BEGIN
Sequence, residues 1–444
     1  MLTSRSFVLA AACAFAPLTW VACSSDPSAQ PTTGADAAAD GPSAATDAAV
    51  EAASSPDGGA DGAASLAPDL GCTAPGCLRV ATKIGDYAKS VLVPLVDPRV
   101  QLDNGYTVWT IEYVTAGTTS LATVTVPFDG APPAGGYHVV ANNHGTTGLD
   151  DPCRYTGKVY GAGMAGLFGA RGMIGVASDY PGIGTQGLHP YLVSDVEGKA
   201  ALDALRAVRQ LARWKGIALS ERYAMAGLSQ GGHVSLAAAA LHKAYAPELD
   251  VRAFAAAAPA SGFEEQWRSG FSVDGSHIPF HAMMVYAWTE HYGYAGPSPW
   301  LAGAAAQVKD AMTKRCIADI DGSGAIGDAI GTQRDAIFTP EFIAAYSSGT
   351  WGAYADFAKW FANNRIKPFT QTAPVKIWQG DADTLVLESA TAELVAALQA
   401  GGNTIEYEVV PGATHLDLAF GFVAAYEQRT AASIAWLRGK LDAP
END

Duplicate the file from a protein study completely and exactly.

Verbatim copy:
Sequence, residues 1–444
     1  MLTSRSFVLA AACAFAPLTW VACSSDPSAQ PTTGADAAAD GPSAATDAAV
    51  EAASSPDGGA DGAASLAPDL GCTAPGCLRV ATKIGDYAKS VLVPLVDPRV
   101  QLDNGYTVWT IEYVTAGTTS LATVTVPFDG APPAGGYHVV ANNHGTTGLD
   151  DPCRYTGKVY GAGMAGLFGA RGMIGVASDY PGIGTQGLHP YLVSDVEGKA
   201  ALDALRAVRQ LARWKGIALS ERYAMAGLSQ GGHVSLAAAA LHKAYAPELD
   251  VRAFAAAAPA SGFEEQWRSG FSVDGSHIPF HAMMVYAWTE HYGYAGPSPW
   301  LAGAAAQVKD AMTKRCIADI DGSGAIGDAI GTQRDAIFTP EFIAAYSSGT
   351  WGAYADFAKW FANNRIKPFT QTAPVKIWQG DADTLVLESA TAELVAALQA
   401  GGNTIEYEVV PGATHLDLAF GFVAAYEQRT AASIAWLRGK LDAP